1 doi: /icvts Interactive CardioVascular and Thoracic Surgery 12 (2011) Best evidence topic - Thoracic oncologic Is pleurectomy and decortication superior to palliative care in the treatment of malignant pleural mesothelioma? a a b b, Imran Zahid, Sumera Sharif, Tom Routledge, Marco Scarci * a Imperial College London, South Kensington Campus, London SW7 2AZ, UK b Department of Thoracic Surgery, Guy s Hospital, Great Maze Pond, London SE1 9RT, UK Received 18 September 2010; received in revised form 25 January 2011; accepted 27 January 2011 Summary A best evidence topic in thoracic surgery was written according to a structured protocol. The question addressed was whether pleurectomyy decortication (PyD) is superior to palliative care in the treatment of patients with malignant pleural mesothelioma (MPM). Overall 80 papers were found using the reported search, of which 11 represented the best evidence to answer the clinical question. The authors, journal, date and country of publication, patient group studied, study type, relevant outcomes and results are tabulated. We conclude that PyD may lead to superior survival rates but at the expense of higher morbidity rates to palliative treatment. Six studies reported patient outcomes after use of radical PyD to treat patients with MPM. Radical PyD leads to a higher median survival than supportive care (14.5 vs. 4.5 months) and non-radical decortication (15.3 vs. 7.1 months, P-0.000). However, radical PyD had a complication rate of 30%, hospital stay of 12 days with an operative mortality rate of 9.1%. One-year survival rate was 65% but this fell to 0 24% at three years. Three studies highlighted the use of palliative chemotherapy to manage patients with MPM. Median survival (14 vs. 10 months) was higher in patients who received chemotherapy early compared to those on a delayed protocol. Early chemotherapy had a longer time to disease progression (25 vs. 11 weeks, Ps0.1) and greater one-year survival (66% vs. 36%) than the delayed group. Active symptom control (ASC) alone had lower symptom control rates than the combination of ASC plus MVP (mitomycinqvinblastineqcisplatin) (7% vs. 11%, Ps0.0017) and ASC plus vinorelbine (4% vs. 7%, Ps0.047). Three studies reported results of palliative surgery in patients with known MPM. Median survival period was 213 days with a 30-day mortality rate of 7.8%. Survival rates reduced from 70.6% at three months to 25.5% at one-year post-surgery. Prolonged air-leak and postoperative empyema complicated 9.8% and 4% of patients, respectively. PyD is a morbid operation that is associated with significant perioperative mortality and complication rates. Although a number of retrospective studies have shown a small benefit in survival with PyD, the heavily documented similarity in patient outcomes between PyD and extrapleural pneumonectomy along with the results of the Mesothelioma and Radical Surgery trial, should induce the surgical community to consider the use of PyD only in patients with malignant mesothelioma enrolled in prospective trials Published by European Association for Cardio-Thoracic Surgery. All rights reserved. Keywords: Pleurectomyydecortication; Malignant mesothelioma; Supportive care 1. Introduction A best evidence topic was constructed according to a structured protocol. This is fully described in the ICVTS w1x. 2. Three-part question In wpatients with malignant pleural mesotheliomax is wpleurectomyydecortication (PyD)x superior to wpalliative carex in terms of wmorbidity, symptom control and survivalx. 3. Clinical scenario You review a 63-year-old retired miner, with a known diagnosis of malignant pleural mesothelioma (MPM), complaining of chest pain and worsening cough. CT chest and abdomen evaluated the tumour to be International Meso- *Corresponding author. Tel.: q ; fax: q address: (M. Scarci) Published by European Association for Cardio-Thoracic Surgery thelioma Interest Group (IMIG) stage III disease with no chest wall involvement. You are unsure as to whether undergoing radical pleurectomyydecortication (P/D) would be superior to palliative care. You resolve to check the literature. 4. Search strategy Medline search 1950 to August 2010 was performed using the OVID interface wpleurectomyydecortication.mp OR PyD.mpx OR wexp Mesotheliomayor mesothelioma.mp.x 5. Search outcome Eighty papers were found using the reported search. From these, 11 papers were identified that provided the best evidence to answer the question. These are presented in Table 1. In addition, the reference list of each paper was searched.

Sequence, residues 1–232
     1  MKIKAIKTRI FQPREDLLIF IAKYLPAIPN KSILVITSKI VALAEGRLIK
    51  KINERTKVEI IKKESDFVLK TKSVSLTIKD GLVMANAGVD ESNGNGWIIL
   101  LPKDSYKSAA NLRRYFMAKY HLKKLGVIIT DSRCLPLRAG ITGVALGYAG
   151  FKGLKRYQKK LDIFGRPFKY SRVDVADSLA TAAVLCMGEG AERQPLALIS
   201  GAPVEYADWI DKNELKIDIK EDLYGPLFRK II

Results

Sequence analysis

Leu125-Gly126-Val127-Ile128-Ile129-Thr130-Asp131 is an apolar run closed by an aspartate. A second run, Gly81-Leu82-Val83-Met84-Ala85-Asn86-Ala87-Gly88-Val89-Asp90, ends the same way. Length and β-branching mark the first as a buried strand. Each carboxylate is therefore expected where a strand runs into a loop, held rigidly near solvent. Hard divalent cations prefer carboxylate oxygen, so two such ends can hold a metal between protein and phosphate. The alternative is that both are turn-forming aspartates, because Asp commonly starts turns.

2 I. Zahid et al. / Interactive CardioVascular and Thoracic Surgery 12 (2011) Table 1. Best evidence papers Author, date and country, Patient group Outcomes Key results Comments Study type (level of evidence) Schipper et al., (2008), Single centre experience Median survival Total PyD: 17.2 Total PyD leads to superior Ann Thorac Surg, UK, over 18 years (ns285) (months) Subtotal PyD: 8.1 patient outcomes than w2x Exploration without subtotal PyD and Total PyD (ns10) resection: 6.8 exploration without Retrospective Subtotal PyD (ns34) resection cohort study Exploration without Survival )31 days Total PyD: 0.74 resection (ns22) postoperative Subtotal PyD: 1.62 (Hazard ratio) Exploration without resection: 1.97 Hospital stay (days) Total PyD: 6.5 Subtotal PyD: 6.5 Exploration without resection: 6 Complications Total PyD: 20% Luckraz et al., (2010), Single centre experience Thirty-day mortality 1.1% Multimodality therapy Eur J Cardiothorac Surg, over 30 years ns85 provides leads to lower UK, w3x Complications (%) PyD: 18 complication and higher PyD (ns34) PyDqCTqRT: 13 survival rates Retrospective cohort PyDqCTqRT (ns24) (P-0.02) (90% 95% tumour excision) Median survival PyD: 8.3 (months) PyDqCTqRT: 26 (P-0.001) Flores et al., (2008), Retrospective Operative mortality 4% PyD can manage malignant J Thorac Cardiovasc Surg, multicentre experience mesothelioma but leads to USA, w4x over 16 years Respiratory 6.4% high respiratory complications complications Retrospective PyD (ns278) cohort study Survival (months) 16 Okada et al., (2008), Single centre experience Median survival PyD: 17 months Pleurectomyydecortication Interact CardioVasc over 20 years EPP: 13 months results in equivalent Thorac Surg, Japan, survival rates to EPP w5x PyD (ns34) Three-year survival PyD: 24% EPP (ns31) rate EPP: 33% Retrospective cohort study Operative mortality PyD: 0 Major complication PyD: 15% rate postoperative Nakas et al., (2008), Single centre study Mortality: There was a significantly Eur J Cardiothorac Surg, over 10 years ns days 5.9 vs. 9.8% (Ps0.36) higher 90-day mortality in UK, w6x 90 days 9.8 vs. 29.4% (Ps0.012) patients with radical Group R: surgery Cohort study Radical PyD (ns51) Morbidity 55 vs. 28% (Ps0.023) Major complications Group NR: Hospital stay 12 vs. 10 (Ps0.99) included chylothorax, Non-radical (days) oesophageal rupture, decortication (ns51) bleeding and diaphragmatic Median survival 15.3 vs. 7.1 (P-0.000) patch disruption (months) When patients were split into subgroups according to cell type, radical surgery had longer survival only for epithelioid cell type Best Evidence Topic Maziak et al., (2005), Thirty-two studies were Median survival PyD: 14.5 Three out of eight Lung Cancer, Canada, identified involving (months) Supportive: 4.5 prospective studies w7x 3152 patients reported increased survival Operative mortality 9.1% for PyD compared to Systematic review All patients had a supportive care (level 2a) known diagnosis of MPM Complications 30% (Continued on next page)